Q&A With Head Coach Windy Thees
Jan. 27, 2006
Q. What has been your biggest challenge with starting up the first-ever softball program at the University of Memphis?
A. The biggest challenge was trying to create a team where you are bringing in all these different players with different backgrounds and different personalities in hopes that they will bond together and form a true team. To really be a team, you have to have players who will get along and who are able to work with each other and have similar competitive spirits.
Q. When you bring in recruits now, you have players who can sell your program for you. When you were starting out trying to piece this team together, how tough was it just being you and maybe one other assistant?
A. It was a fun time in the spring. I spent every minute of every recruiting trip with the players on this team. There was only one player that we signed late in the summer that I did not personally take around and show them everything. My goal was to sell them what attracted me to Memphis. It is a great city and a great university with a lot of history. It has a very successful athletic program with dedicated coaches and it is on the way up. You always want to catch a university on the way up athletically, and I just tried to let them know that the new softball program is something that this department is committed to and the fact that they will always be marked as the "first-ever" softball team. They will always be a part of history here and will be responsible for laying the groundwork for the future of Lady Tiger softball.
A. I was able to hire great assistant coaches who are not just like me, but who complement my strengths and weaknesses pretty well. Dave is very analytical and loves to break things down. He has a tremendous understanding of the swing in both baseball and softball, he can explain things to the girls, and he is willing to try different ways to get the point across. Some things work with some players, and other players need a different approach, and he knows how to work with each individual player to maximize their potential. He also works with the defense, as well. I would say his strength is that he loves to watch film and see the tendencies of our players and take that and make them better.
Marla is great because she adds that young energy. This is her first coaching job, and she has been amazing. She was able to help with a lot of the recruiting trips. She is so willing to jump in with both feet. She was also a pitcher, so she has a great understanding of the pitcher's mindset. In college, so much of pitching is mental, and she does a great job of working with our pitchers, mentally and physically.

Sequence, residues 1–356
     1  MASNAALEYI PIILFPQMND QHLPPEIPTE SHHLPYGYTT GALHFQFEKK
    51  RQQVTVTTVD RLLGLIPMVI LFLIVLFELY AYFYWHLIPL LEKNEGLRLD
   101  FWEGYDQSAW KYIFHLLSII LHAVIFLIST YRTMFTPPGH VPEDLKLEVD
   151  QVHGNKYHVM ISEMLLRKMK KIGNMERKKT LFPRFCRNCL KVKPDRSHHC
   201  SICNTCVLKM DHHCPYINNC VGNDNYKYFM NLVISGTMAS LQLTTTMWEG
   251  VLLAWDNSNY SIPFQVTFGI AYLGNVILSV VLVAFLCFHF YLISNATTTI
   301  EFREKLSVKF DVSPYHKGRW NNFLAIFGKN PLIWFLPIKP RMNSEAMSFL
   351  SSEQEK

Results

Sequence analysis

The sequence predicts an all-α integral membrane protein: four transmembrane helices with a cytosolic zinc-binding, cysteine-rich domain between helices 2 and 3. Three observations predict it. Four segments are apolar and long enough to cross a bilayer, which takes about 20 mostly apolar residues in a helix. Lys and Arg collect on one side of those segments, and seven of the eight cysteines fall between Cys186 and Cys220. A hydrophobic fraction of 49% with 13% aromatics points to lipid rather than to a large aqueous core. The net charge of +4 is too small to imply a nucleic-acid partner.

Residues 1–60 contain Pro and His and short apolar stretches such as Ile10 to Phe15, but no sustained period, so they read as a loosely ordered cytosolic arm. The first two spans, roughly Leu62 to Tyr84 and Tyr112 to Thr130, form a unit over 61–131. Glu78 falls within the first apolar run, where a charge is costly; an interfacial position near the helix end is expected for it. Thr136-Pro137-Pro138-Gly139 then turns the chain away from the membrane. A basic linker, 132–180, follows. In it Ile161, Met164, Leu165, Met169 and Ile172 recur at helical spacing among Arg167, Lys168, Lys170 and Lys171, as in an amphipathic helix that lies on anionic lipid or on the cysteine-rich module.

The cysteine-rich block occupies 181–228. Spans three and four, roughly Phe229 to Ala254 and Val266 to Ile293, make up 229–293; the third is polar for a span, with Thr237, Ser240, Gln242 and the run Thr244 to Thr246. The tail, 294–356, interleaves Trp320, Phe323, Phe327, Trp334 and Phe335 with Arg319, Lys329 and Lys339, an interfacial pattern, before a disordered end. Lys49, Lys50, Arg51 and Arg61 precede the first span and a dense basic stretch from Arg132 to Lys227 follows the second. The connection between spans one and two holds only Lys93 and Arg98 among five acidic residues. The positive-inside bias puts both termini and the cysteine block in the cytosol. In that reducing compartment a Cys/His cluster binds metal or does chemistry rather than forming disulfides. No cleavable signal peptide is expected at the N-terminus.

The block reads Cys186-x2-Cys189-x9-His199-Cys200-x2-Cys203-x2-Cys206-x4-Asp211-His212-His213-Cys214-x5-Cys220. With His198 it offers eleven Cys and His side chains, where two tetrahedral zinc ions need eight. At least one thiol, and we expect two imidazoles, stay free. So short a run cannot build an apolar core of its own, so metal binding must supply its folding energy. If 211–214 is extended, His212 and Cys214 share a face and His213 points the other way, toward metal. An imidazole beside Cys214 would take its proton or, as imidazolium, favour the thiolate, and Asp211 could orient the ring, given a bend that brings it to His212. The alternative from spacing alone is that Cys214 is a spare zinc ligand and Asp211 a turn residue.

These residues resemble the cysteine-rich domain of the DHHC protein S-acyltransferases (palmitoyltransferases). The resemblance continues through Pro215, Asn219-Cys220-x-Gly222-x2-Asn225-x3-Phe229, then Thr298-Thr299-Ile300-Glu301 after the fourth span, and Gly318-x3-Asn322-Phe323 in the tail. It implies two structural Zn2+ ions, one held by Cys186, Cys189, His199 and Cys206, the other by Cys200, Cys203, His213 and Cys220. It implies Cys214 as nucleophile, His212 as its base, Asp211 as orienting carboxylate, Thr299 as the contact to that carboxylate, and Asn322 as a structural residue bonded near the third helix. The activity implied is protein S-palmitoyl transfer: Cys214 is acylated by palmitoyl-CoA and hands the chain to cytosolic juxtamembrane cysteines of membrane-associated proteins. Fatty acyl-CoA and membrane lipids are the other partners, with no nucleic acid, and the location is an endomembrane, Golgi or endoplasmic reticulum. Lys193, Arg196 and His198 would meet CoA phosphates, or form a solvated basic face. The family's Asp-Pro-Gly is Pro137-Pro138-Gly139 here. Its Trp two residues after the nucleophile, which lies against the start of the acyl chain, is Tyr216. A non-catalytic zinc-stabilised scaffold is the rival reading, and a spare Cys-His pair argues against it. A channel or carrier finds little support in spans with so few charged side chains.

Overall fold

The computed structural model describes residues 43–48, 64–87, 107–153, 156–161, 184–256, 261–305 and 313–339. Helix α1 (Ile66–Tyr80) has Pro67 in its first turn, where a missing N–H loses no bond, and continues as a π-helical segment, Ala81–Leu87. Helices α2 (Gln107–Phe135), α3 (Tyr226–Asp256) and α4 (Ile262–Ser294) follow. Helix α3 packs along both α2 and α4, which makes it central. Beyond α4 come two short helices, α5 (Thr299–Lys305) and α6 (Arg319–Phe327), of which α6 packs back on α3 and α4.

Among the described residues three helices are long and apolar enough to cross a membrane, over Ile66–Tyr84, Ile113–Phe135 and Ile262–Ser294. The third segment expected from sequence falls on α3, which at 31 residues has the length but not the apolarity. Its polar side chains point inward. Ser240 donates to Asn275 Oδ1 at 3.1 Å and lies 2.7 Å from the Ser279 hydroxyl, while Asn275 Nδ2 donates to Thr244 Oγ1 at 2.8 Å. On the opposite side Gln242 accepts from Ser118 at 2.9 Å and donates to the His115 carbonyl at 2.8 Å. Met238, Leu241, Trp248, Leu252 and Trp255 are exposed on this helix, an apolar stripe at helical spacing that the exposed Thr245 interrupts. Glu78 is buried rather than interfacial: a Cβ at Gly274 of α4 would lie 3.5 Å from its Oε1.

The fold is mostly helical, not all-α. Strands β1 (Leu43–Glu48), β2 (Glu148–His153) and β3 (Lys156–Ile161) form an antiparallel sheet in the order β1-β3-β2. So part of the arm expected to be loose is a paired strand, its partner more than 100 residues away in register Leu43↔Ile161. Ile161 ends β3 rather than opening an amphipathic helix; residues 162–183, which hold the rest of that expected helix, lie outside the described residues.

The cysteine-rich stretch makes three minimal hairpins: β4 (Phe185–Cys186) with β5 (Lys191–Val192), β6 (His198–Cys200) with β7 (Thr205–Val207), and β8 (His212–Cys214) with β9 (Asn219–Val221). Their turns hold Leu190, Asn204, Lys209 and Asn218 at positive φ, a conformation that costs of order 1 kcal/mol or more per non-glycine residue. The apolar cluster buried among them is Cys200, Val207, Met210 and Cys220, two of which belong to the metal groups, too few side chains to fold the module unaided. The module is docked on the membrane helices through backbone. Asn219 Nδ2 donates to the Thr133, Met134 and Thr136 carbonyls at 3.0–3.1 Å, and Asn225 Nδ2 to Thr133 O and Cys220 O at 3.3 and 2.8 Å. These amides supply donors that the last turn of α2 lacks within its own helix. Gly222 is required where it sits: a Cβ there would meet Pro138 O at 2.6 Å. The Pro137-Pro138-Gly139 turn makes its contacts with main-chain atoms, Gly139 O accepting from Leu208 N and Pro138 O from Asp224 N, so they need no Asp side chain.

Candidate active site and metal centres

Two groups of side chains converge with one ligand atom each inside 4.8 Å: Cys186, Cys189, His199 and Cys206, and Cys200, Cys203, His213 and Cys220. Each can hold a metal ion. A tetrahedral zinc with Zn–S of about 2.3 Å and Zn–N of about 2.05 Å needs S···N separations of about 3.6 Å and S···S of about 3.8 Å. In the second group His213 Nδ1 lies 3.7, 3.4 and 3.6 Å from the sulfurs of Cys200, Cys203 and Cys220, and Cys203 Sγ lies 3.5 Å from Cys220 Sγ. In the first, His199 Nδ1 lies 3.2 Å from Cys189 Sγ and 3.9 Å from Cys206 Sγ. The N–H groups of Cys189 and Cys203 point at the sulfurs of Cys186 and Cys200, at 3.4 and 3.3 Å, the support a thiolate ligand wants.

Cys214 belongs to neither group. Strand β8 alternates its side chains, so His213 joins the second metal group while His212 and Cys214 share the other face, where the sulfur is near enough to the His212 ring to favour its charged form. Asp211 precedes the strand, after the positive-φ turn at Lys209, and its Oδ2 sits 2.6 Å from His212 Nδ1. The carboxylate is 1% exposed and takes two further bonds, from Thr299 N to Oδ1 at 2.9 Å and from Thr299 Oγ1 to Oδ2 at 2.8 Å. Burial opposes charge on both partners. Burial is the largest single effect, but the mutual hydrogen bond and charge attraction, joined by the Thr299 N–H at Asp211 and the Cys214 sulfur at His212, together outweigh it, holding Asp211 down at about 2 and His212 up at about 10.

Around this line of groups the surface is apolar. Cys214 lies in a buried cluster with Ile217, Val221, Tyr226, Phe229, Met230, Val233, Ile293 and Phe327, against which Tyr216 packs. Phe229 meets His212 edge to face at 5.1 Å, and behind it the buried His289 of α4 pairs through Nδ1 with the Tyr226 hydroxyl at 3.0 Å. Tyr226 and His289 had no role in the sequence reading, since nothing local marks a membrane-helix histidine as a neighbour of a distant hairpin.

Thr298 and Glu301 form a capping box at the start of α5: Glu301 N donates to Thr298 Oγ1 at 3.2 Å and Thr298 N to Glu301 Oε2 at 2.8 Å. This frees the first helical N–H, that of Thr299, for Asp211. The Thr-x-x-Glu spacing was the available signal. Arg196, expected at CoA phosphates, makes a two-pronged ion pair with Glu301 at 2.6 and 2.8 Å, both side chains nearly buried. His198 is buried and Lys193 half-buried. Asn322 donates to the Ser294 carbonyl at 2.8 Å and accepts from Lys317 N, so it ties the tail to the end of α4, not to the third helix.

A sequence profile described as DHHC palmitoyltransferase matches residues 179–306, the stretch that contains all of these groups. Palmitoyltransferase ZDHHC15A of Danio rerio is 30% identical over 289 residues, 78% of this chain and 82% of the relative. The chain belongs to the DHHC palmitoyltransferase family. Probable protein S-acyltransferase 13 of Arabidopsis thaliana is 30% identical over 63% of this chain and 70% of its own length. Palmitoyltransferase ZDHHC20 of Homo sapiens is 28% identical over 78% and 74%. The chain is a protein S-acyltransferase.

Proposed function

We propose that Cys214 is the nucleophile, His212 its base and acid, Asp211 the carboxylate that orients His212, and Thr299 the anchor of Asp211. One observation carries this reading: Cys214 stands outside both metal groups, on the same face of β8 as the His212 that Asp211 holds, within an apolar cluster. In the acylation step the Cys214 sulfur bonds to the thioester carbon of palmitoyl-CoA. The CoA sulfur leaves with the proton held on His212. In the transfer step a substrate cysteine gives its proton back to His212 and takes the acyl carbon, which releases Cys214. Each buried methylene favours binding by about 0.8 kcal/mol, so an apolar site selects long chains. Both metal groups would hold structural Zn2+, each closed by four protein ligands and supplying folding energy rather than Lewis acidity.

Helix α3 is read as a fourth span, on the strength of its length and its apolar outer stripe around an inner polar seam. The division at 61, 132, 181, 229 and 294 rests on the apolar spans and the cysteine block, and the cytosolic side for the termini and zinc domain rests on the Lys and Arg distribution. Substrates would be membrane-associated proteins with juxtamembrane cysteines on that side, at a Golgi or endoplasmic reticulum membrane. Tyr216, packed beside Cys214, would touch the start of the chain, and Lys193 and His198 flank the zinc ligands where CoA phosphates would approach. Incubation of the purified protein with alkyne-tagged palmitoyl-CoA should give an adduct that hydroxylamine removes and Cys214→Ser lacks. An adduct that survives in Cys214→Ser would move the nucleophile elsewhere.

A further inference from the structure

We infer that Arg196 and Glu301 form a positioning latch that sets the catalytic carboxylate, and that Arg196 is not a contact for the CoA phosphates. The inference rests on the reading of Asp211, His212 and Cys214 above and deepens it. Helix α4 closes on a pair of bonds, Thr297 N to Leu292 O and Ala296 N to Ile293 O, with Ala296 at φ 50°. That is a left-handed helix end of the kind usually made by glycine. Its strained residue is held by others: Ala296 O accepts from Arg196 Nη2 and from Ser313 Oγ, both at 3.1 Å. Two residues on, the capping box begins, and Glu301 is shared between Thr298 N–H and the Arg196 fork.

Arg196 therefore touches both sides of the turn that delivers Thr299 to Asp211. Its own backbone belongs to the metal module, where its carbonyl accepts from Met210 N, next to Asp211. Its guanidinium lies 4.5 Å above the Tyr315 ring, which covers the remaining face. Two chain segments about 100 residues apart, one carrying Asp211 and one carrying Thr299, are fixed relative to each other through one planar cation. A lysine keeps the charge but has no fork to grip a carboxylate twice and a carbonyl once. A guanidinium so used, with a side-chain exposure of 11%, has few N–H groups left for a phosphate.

Q. Now that we have talked about your assistants, what would you say are your strengths?
A. I'd say that the biggest secret that I have figured out is that I don't know everything and I like to learn through other people and see how they do things. I like to learn from my assistants and how they see things. All of my coaching is really a compilation of all the great coaches I have had as a player. I am also pretty laid back, but detail-oriented. I like to see things done right and with the intensity that is needed to be successful.
Q. What do you expect will be the strengths and weaknesses of the team this year?
A. The weakness, if you want to call it that, will be that we are going to have an up-and-down year. With a young team, you are going to go through stretches where they don't know who they are and they don't have that identity because we don't have a history. We don't have any traditions that we are sticking to - we are creating them. It is going to be important to see how we handle tough losses and overcome them. But, the biggest strength is tied to that same aspect because we have all these players and they don't know any better. They have all come from successful programs, so all they know is winning. That is what they know how to do, and I hope that they can translate that into wins here.
Q. What was your priority in setting up your first-ever schedule?
A. I set this schedule before I ever signed our first player. I wanted challenges, but I also wanted there to be realistic opportunities for us to be successful. I looked for some teams that maybe were rebuilding or have struggled in the past and were trying to find their identity. That would be a better match-up for us because we are trying to find our identity as well. But then, we also wanted to play teams that have had success and have tradition in their programs like Notre Dame and UL-Lafayette to see where we want to go and what we want to achieve.
Q. What do you expect will be the biggest challenge entering Conference USA action?
A. We are going to face challenges that every team is going to face because it is a new conference. I am glad that we are coming in the first year that the league will be realigned because a lot of teams won't know about the other teams. I think there is already a hierarchy established of really competitive and good teams that are in this conference. We are just going to have to climb the ladder.